Be honest: how hard do you find it to say the word: no?
We’re not referring to saying no to things you don’t like or don’t actively want to do – we’re talking about the time you went to drinks because you felt you couldn’t say no, the millions of things you agree to at work or the times you’ve over-stretched yourself for a friend or a family member because you couldn’t possibly say no.
No wonder the most heavily uttered phrase of the day is: “I’m so tired.” We feel it’s because of our busy job, our kids or friends but the truth is a lot of it is around our decision-making and our ability to say no to things.
Why is it important we learn such a skill?
Frances Booth, author of The Distraction Trap: How To Focus In A Digital World, believes it’s really important to help recharge ourselves, which we could all do more of in Janaury. “We’re quick to say yes, giving away our time, then we wonder why we have no time left for what we want,” she says.
“If you find your diary is full, or full of things you don’t want to do, then it’s time to start saying no – nicely.
“People ask for our time every single day. And if we give our time away to everyone who asks for it, we end up feeling frazzled, tired and grumpy. Often it doesn’t occur to us that we have the option to simply say no.”
It’s easier said than done. Most of the time, the most powerful moments you can say no to something are probably the times you feel most powerless and unable to do anything about it. John Parkin, founder of The F**k It Life, said: “Every day, colleagues, institutions, bosses, friends, and family want you to attend to their needs. They don’t do this because they are bad or selfish.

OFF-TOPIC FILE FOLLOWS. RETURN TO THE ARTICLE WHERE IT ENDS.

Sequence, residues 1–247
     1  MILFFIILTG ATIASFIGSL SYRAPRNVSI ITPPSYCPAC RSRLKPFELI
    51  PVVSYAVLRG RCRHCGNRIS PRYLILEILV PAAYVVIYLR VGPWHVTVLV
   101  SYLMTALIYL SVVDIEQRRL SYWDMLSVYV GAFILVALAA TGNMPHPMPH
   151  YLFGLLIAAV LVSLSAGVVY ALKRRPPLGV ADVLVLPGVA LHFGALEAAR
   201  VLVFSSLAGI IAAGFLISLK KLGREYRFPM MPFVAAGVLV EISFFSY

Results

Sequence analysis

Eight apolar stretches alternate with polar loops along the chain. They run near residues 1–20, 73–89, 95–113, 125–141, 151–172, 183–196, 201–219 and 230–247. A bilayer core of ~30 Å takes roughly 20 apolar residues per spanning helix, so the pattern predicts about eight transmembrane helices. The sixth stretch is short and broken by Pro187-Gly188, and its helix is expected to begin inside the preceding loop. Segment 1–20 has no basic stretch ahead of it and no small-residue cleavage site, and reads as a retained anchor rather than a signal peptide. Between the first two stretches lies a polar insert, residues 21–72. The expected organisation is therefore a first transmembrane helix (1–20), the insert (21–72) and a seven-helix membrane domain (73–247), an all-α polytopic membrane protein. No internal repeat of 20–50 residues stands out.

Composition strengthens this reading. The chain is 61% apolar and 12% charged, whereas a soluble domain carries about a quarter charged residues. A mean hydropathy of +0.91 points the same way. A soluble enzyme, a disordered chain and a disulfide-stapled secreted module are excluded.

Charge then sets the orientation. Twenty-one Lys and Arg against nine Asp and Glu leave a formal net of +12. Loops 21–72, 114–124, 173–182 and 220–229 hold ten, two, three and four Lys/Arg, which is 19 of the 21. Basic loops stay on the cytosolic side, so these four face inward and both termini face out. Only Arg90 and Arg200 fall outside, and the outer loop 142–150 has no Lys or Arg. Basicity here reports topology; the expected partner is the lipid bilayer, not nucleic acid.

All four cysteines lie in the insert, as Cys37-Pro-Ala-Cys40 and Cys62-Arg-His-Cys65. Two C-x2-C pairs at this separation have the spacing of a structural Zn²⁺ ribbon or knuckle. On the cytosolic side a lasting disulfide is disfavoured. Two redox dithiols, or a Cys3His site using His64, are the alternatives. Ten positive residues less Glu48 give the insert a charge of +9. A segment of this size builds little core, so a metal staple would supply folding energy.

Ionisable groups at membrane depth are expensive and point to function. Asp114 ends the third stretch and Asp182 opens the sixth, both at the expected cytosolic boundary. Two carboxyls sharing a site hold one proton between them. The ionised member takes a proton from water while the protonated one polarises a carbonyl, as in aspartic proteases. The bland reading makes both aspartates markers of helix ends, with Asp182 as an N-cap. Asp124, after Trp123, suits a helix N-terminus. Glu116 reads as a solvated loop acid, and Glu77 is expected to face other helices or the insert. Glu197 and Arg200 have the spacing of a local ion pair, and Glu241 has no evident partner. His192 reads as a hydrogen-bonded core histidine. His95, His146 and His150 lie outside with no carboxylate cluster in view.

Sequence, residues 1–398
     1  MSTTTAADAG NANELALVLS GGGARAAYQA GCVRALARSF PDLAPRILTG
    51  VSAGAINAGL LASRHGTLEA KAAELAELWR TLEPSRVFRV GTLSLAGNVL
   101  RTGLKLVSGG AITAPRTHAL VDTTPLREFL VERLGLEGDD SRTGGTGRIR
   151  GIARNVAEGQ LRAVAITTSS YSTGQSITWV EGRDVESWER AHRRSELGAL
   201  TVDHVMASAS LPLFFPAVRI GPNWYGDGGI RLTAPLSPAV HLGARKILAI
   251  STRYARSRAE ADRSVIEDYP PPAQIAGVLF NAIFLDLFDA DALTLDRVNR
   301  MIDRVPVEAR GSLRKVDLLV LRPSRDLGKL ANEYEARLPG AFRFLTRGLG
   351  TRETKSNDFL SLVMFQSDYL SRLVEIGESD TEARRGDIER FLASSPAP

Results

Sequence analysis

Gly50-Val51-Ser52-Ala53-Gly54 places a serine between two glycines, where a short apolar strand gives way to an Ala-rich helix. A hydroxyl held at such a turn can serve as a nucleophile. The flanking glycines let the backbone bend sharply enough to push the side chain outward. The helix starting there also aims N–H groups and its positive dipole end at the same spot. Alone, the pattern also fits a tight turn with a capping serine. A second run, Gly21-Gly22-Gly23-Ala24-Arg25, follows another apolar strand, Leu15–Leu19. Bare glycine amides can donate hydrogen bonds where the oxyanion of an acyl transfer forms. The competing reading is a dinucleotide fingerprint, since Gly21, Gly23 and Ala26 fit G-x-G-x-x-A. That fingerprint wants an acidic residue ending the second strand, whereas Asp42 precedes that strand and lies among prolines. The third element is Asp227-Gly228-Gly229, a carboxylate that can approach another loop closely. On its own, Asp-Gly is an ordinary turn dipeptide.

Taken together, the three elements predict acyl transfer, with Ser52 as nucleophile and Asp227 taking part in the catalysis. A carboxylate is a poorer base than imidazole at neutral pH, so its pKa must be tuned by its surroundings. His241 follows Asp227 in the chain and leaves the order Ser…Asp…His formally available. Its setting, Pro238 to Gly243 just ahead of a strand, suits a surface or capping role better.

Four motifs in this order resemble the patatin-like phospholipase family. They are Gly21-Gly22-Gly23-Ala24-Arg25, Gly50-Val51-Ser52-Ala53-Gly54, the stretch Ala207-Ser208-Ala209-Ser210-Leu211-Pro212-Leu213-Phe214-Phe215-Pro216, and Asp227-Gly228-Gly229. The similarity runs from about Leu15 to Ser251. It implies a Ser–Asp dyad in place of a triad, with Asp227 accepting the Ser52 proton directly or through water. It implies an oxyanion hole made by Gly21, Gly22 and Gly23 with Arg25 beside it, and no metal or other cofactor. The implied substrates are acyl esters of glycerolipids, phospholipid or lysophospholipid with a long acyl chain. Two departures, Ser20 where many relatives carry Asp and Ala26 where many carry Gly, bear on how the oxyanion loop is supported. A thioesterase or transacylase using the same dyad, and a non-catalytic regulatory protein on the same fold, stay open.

“They do this because it is simply what people do; they have their own best interests at heart. And you are also entitled to have your best interests at heart. You don’t have to do what everyone else in society is doing. You are a unique combination of DNA, environment, culture, and personal experiences. For you to say yes to something, it has to be special to you. Everything else, no matter what the consequences, you are entitled to say ‘no’ to.
Some people are naturally better at saying no to others, but for the vast majority it’s a learned skill. It’s ingrained in us to say yes, from when we were kids at school to adults working in an office. The perception is that saying no means you are difficult, and as most of us don’t want to be perceived as such, we say yes to everything, overstretching ourselves.
However sometimes, this can be a situation we create for ourselves in our heads.
Mark Williamson, director of charity Action for Happiness is no different. He says: “I’ve always struggled with saying no to people. A big breakthrough came when I was discussing my work-life balance problems with a coach, who asked me how it would feel to say ‘no’ more often to people’s requests. I said I’d feel like I was letting them down or that they’d think that I was a ‘bad person’ or didn’t care about them.
“Then he asked me how I react when I ask someone for help but they say ‘no’ to me but explain their reasons. I had to acknowledge that I’d totally understand and wouldn’t think any less of them at all – in fact possibly the opposite. So I was good at accepting ‘no’ but very bad at saying it myself. This obvious inconsistency came as a shock and gave me more confidence in saying No and knowing that people would understand and respect that.”
Having a change of mindset, it appears, is key to the whole thing. We feel we’re letting people down by saying no, but the reality is that they would probably be totally fine with it.
Susie Pearl, happiness ‘activist’ agrees.
“Knowing what ‘no’ is and how to say it is one of the most valuable things we can learn. It can keep us from doing things we really do not want to do – which helps everyone in the long run.